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DIY Soylent: upstart nutritionists fight the tyranny of food

DIY Soylent: upstart nutritionists fight the tyranny of food


The dark nutritional sorcery of food-replacing powders

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In February of 2013, programmer Nick Poulden got hooked on the idea of giving up food. He’d found the blog of Rob Rhinehart, a creator of a meal substitute called Soylent. Meant to provide a full dose of calories and nutrients in a single, cheap powder, Soylent was positioned as not just a better kind of protein powder or an Ensure substitute, but a revolution. "Free your body," proclaims the site’s crowdfunding page. "What if you never had to worry about food again?" Some tossed around the notion that Soylent could solve world hunger, optimistically overlooking decades of work on malnutrition-fighting food like Plumpy’nut and complex socioeconomic problems that can foil the most sophisticated plans. Early versions of Soylent left out vital ingredients like sulfur and iron, and nutritionists have warned there’s little evidence Rhinehart’s current formula is nearly as complete as he claims.

Those claims, however, remain enticing. Rhinehart says he’s lived off Soylent for months, and others have tried shorter experiments with favorable results. Soylent attracts relentless optimizers, people who want to sustain themselves without having to track calories and plan or cook meals. And at least in theory, they can do so on a budget of about $5 a day — not exactly as dirt-cheap as Plumpy’nut paste, but less than similar FDA-approved medical foods.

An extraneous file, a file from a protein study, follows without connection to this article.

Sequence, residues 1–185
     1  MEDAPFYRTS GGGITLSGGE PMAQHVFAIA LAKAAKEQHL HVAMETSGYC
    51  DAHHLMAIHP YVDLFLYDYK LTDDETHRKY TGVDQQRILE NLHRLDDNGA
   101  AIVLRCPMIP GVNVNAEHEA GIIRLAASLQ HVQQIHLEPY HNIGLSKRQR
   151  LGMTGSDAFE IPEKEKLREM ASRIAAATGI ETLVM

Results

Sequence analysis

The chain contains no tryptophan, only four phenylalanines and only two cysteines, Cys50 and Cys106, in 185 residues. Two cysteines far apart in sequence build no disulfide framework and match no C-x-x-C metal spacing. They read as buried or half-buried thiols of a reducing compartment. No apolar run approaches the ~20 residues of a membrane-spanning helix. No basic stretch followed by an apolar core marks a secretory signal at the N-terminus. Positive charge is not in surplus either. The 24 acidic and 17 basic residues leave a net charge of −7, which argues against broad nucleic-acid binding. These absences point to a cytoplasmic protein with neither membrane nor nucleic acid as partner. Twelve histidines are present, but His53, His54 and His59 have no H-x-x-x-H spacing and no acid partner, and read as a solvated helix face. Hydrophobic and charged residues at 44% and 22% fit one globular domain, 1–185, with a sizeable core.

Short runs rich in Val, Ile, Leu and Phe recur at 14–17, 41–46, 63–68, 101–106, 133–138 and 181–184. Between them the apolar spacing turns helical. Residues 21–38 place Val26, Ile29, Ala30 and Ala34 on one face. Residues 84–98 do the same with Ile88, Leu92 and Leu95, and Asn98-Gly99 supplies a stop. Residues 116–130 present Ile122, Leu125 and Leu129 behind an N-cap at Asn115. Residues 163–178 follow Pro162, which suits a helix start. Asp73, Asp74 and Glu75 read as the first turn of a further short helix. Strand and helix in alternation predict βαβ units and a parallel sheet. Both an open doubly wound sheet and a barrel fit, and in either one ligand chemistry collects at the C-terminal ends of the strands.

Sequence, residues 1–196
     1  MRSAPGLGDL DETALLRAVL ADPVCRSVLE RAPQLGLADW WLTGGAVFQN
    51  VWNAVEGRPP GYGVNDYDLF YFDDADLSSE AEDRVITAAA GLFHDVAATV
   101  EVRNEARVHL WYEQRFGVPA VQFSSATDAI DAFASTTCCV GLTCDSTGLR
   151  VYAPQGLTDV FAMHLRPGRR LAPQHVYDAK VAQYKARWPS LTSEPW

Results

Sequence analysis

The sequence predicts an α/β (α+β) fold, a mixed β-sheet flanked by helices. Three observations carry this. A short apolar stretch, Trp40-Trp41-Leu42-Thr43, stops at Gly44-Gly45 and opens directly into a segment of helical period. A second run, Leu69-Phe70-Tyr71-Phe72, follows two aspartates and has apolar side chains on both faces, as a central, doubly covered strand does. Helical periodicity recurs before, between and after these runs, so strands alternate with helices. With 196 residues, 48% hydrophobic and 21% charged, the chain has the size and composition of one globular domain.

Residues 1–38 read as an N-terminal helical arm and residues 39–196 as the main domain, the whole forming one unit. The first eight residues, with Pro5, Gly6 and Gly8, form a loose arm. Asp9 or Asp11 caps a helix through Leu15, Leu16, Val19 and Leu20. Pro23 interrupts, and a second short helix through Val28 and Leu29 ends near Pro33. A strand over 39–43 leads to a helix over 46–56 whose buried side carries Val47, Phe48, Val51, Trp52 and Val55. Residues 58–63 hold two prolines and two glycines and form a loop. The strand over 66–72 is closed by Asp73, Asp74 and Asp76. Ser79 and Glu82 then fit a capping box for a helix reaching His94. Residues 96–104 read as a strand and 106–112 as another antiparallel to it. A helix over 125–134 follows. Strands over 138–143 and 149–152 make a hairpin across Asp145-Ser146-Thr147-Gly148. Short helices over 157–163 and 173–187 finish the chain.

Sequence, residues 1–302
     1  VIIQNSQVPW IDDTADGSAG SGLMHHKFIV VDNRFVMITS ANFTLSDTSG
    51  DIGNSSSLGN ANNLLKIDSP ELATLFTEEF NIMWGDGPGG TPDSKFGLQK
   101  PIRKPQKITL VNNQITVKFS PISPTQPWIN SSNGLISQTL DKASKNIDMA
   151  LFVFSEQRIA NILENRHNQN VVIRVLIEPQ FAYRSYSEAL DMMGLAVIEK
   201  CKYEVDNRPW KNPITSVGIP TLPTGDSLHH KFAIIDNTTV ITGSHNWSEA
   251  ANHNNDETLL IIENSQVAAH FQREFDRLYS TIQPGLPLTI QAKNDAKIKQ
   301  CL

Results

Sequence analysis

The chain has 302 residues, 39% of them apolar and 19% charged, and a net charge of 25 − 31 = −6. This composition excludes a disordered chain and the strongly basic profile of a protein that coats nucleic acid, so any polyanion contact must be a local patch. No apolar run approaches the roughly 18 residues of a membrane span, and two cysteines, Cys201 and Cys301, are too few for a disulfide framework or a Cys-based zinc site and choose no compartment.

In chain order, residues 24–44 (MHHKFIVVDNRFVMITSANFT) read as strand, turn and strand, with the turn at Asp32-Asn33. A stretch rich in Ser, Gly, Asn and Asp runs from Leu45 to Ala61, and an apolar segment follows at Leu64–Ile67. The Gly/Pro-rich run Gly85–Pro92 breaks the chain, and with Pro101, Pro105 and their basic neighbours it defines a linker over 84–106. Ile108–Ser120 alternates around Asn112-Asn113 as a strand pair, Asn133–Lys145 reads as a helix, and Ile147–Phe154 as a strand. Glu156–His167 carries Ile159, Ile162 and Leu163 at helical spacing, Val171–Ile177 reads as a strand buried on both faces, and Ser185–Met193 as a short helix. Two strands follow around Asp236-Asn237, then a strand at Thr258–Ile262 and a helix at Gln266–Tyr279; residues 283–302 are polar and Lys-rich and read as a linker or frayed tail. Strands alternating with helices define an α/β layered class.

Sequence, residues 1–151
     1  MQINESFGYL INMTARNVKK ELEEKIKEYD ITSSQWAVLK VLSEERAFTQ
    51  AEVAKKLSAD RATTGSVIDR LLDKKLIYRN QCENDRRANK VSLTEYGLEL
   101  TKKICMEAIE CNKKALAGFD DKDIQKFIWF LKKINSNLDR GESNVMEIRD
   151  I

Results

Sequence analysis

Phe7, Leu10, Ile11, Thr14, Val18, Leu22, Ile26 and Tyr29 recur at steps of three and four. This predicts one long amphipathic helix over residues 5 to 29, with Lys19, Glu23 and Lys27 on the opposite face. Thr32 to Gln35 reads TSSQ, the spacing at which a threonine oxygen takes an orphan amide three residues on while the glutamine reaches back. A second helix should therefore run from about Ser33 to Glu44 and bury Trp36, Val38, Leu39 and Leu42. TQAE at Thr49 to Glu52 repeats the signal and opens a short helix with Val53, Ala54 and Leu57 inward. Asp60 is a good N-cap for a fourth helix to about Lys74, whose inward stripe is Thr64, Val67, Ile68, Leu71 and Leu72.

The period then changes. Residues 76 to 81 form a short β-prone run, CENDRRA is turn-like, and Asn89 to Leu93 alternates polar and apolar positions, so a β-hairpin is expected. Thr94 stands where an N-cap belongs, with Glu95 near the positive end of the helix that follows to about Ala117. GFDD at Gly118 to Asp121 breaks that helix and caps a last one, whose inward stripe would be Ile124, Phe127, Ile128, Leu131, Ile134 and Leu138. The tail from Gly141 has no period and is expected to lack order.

"I guess I just love the idea of a default food."

Poulden says the possibility intrigued him from the start. "I guess I just love the idea of a default food, a food that's minimal effort," he says. "The number of times that I'll go home after work and know that I have nothing in the fridge, and the idea of going grocery shopping and standing in line for an hour. I'm not the kind of person that plans out every meal in a week." While he'd still cook and eat out periodically, Soylent would become the base of his diet. But as Rhinehart kept working on his crowdfunded formula, it became clear that Soylent wasn’t coming out anytime soon. Instead of waiting, Poulden began a project to make his own — and to give like-minded tinkerers a place to meet.

Last week, Poulden’s efforts were given Rhinehart’s blessing, as his site Make Soylent became DIY Soylent, a subsection of the official product site. With a nutrition calculator and spreadsheet system, DIY Soylent lets hobbyists see how well a given recipe meets the dietary recommendations for their body type. A rudimentary forking tool lets people build off each other’s recipes much like GitHub lets programmers build on each other’s code, and Poulden is working on improving a review system. Above all, though, it’s a central repository. DIY Soylent currently hosts 446 recipes, with names ranging from "Simple Soylent" to "ARZ Dark Nutritional Sorcery."

Poulden wasn't the first to make his own Soylent, and so far, he admits he's not a master of the trade. An early effort to reverse-engineer the powder left him with a couple hundred dollars in sunk costs and an inedible product. "I drank a few sips, and I was like 'I couldn't drink this every day,’" he says. "It tasted pretty bad, to be honest." That’s part of why he started Make Soylent: if enough people share and try recipes, the best ones will naturally rise to the top.

Soylent production. Image credit: Rob Rhinehart

If the DIY Soylent library is any indication, one of those successes is Zach Alexander’s Hackerschool Soylent, which has inspired dozens of variations. Where Poulden describes himself as somewhat lackadaisical about food, Alexander is a former professional cook who recently spent two years managing meals at a Quaker boarding house in Boston. It was there that he heard from friends who were attempting to make a single, nutritionally complete meal. "I thought it sounded pretty ridiculous at the time," he says. "Not that I thought it was a ridiculous idea, but I thought it wouldn't work." Not long after, he found Rhinehart’s blog and realized that the project wasn’t simply speculative — his friends were trying to make their own version of the existing Soylent powder.